Once you take dependent arising to be a theory of everything then it is only logical that awakening requires the presence of an awakened teacher. Because without the necessary condition, the effect cannot arise. But the underlying condition for all awakening in Buddhist mythology is the Buddha. If this is so then the presence of a Buddha is a requirement for a world in which there is awakening.

We don't know how the argument went because the Mahāyānists did not show their working. They might have reasoned that since there are awakened people then a Buddha must be present somehow, and since that Buddha is not physically present he must be present in some other form: corporeal in a parallel universe, or incorporeal in ours. Or they might have reasoned from the physical absence of the universe combined with a desire that awakening were possible again, believing that it currently was not.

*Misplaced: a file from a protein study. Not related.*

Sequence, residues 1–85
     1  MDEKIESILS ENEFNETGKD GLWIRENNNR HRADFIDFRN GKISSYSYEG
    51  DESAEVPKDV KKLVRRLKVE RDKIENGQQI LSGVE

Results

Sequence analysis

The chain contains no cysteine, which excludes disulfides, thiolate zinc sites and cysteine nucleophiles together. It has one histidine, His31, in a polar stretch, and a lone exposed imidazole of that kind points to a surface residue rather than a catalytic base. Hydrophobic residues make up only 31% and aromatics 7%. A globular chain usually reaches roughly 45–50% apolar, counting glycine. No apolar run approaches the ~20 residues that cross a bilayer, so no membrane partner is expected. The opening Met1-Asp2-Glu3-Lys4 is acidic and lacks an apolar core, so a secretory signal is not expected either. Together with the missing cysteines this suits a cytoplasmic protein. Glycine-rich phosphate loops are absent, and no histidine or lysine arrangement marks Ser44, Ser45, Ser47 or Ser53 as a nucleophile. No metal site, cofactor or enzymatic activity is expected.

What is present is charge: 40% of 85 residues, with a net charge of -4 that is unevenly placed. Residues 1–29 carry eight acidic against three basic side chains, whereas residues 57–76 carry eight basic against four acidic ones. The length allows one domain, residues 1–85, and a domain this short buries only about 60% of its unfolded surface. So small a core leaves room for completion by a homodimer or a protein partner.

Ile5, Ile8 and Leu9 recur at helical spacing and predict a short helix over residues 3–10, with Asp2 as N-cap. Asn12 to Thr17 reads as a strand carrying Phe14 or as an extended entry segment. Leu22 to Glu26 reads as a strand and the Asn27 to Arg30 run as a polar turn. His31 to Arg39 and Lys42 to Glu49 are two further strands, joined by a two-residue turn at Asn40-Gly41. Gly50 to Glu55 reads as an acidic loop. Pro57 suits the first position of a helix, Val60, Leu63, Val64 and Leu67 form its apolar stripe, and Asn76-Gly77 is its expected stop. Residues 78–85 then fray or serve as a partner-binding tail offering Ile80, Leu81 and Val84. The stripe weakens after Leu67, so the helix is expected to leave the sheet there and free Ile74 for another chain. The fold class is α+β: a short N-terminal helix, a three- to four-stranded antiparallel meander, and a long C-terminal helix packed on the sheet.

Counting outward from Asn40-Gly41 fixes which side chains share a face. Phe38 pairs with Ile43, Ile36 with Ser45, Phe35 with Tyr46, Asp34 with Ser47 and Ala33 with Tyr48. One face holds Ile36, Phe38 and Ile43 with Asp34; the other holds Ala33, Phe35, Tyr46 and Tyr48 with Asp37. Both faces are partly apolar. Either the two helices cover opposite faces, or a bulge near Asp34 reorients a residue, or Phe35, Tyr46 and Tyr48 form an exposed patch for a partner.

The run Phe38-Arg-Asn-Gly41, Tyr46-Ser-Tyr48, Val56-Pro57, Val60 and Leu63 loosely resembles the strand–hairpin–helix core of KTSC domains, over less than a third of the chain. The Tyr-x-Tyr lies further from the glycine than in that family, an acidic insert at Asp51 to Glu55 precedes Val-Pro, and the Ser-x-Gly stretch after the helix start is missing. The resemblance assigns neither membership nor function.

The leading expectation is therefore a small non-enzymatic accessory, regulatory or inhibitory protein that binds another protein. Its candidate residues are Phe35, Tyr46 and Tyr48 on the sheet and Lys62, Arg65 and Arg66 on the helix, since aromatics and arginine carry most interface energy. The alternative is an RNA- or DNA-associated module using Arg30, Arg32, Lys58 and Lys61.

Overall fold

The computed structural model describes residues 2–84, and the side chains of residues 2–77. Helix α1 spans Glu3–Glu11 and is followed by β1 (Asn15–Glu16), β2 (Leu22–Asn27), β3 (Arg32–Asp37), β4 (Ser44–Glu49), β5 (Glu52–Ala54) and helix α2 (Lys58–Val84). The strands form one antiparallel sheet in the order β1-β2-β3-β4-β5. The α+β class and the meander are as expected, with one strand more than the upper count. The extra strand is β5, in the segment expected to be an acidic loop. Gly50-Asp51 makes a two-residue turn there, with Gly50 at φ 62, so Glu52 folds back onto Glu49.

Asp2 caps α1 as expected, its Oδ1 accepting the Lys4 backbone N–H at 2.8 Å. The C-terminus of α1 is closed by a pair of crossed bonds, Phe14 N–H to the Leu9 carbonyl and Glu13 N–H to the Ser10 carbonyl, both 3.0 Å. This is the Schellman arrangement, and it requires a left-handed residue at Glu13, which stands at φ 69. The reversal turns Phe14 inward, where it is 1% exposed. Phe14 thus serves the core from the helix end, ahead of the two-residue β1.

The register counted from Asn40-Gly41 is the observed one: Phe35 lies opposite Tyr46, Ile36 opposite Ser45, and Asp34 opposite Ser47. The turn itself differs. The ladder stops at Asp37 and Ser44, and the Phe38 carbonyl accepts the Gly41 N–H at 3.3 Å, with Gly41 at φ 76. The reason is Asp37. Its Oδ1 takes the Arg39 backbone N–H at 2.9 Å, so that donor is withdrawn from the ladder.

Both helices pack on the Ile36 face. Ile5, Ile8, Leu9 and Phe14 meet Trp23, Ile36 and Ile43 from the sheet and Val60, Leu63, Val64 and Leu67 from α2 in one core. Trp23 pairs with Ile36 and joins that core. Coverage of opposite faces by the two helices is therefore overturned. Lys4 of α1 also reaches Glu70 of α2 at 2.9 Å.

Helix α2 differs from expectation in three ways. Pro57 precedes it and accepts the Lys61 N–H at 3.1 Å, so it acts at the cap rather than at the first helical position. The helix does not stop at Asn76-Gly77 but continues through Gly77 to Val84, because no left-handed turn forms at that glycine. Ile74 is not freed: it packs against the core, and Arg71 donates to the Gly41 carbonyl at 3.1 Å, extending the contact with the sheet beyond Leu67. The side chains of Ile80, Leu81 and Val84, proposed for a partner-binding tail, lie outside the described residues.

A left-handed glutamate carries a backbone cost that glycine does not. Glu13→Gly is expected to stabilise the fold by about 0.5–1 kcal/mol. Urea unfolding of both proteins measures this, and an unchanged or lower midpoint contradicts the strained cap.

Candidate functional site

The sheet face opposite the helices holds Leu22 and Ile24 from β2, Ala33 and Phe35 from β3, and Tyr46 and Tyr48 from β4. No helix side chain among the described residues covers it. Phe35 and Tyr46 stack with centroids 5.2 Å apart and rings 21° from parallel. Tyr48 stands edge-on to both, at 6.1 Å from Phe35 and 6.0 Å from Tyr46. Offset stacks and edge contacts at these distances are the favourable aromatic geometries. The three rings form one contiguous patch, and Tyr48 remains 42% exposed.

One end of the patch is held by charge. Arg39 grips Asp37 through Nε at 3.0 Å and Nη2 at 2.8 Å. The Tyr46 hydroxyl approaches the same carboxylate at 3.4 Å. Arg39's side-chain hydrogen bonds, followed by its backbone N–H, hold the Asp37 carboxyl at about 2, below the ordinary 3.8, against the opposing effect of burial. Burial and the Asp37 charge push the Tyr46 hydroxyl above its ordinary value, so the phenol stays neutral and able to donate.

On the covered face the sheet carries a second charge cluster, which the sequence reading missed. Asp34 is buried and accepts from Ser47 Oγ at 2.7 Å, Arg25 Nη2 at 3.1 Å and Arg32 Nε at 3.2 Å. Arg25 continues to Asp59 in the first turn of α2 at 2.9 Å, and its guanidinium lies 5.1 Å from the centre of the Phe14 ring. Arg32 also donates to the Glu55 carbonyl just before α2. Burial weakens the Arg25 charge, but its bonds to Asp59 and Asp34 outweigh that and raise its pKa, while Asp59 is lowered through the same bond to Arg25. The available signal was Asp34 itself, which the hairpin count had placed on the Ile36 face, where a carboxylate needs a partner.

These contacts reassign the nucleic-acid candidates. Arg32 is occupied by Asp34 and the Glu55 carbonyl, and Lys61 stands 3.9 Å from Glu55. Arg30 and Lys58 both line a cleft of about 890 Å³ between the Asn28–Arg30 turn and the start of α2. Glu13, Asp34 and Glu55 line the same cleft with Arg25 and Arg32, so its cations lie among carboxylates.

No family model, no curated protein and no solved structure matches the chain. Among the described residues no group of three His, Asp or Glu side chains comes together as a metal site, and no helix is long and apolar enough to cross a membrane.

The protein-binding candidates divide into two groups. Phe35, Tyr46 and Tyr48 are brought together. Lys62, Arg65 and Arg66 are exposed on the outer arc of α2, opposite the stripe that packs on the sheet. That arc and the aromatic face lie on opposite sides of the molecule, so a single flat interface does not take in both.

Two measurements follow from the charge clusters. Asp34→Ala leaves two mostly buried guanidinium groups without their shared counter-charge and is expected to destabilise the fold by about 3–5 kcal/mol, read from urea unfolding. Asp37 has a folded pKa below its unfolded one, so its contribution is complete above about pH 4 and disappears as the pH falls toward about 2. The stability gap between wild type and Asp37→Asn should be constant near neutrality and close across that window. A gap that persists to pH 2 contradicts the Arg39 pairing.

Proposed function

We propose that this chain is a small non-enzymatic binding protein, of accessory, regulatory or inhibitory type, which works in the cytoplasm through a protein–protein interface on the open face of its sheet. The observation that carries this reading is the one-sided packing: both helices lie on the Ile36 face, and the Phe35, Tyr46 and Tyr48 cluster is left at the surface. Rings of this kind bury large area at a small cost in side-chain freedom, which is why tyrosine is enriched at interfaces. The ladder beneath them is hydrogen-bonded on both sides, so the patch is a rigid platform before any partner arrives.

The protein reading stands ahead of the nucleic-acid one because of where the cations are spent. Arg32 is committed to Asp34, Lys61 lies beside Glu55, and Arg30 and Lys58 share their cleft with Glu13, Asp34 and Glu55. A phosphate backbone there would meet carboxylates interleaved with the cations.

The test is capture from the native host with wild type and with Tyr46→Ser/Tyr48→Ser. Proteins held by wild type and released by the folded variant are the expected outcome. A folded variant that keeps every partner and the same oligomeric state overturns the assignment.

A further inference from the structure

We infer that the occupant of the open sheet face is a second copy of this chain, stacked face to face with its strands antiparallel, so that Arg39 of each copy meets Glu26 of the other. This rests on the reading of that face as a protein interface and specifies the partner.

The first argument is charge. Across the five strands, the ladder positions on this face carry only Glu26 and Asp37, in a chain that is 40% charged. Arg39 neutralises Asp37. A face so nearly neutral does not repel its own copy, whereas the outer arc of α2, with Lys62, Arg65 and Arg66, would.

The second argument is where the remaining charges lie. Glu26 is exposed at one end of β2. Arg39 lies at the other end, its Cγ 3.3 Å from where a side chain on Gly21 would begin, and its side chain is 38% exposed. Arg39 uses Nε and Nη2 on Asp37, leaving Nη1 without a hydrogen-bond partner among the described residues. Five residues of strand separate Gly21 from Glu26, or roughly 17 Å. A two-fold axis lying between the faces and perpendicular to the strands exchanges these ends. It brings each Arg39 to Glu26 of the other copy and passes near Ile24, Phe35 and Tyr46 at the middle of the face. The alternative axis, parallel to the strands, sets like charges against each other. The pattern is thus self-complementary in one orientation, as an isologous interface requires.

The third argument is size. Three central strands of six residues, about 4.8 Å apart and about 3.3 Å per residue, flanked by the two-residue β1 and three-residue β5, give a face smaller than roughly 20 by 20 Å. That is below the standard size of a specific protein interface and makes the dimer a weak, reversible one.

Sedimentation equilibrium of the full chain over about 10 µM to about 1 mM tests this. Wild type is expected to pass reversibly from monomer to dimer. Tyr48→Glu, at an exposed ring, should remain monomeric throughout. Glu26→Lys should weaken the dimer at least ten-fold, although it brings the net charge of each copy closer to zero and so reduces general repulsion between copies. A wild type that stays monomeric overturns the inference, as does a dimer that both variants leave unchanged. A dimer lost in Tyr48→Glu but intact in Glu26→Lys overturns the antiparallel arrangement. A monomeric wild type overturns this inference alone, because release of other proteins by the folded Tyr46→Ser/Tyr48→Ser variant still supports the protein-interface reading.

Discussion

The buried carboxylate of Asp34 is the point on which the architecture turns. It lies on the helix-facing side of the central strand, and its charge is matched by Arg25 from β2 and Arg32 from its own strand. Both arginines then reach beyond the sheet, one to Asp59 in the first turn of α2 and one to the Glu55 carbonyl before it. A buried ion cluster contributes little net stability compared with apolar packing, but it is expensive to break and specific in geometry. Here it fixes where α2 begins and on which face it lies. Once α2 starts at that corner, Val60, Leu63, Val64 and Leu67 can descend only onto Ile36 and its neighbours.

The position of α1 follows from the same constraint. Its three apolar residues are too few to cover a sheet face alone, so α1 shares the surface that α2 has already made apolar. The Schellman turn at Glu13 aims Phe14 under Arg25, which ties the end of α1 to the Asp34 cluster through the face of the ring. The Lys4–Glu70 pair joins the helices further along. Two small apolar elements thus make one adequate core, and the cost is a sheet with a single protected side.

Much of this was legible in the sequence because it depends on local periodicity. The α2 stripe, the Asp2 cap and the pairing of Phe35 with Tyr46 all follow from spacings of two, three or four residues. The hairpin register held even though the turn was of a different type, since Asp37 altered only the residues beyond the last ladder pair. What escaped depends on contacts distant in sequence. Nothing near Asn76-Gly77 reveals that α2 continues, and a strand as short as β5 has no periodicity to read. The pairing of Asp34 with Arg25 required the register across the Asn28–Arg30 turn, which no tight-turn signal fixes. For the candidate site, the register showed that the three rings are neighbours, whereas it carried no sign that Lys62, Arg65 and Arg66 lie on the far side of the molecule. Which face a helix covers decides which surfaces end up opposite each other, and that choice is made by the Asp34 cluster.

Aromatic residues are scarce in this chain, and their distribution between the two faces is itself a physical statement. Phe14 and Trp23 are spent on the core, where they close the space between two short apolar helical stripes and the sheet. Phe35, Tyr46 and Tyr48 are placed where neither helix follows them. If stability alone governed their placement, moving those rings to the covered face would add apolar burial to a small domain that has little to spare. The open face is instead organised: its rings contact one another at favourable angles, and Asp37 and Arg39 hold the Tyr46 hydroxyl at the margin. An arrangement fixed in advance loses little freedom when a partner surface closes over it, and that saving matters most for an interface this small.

However, this way of thinking also misunderstands awakening. No matter how many different ways we say it, Buddhists always end up thinking of extinction as something; or as arising. Cessation is the right word. The point is that sensory experience stops when we withdraw from attention from it. Trivially, if I am focussed on writing, the outside world fades from my mind. And, more profoundly, when we use concentration techniques to bring about the complete cessation of sensory experience, aka emptiness. The use of emptiness as a metaphor was about the worst road Buddhists could have taken. It was a disastrous philosophical blunder because it led to Buddhists thinking of emptiness in metaphysical terms rather than as the simple absence of sense experience.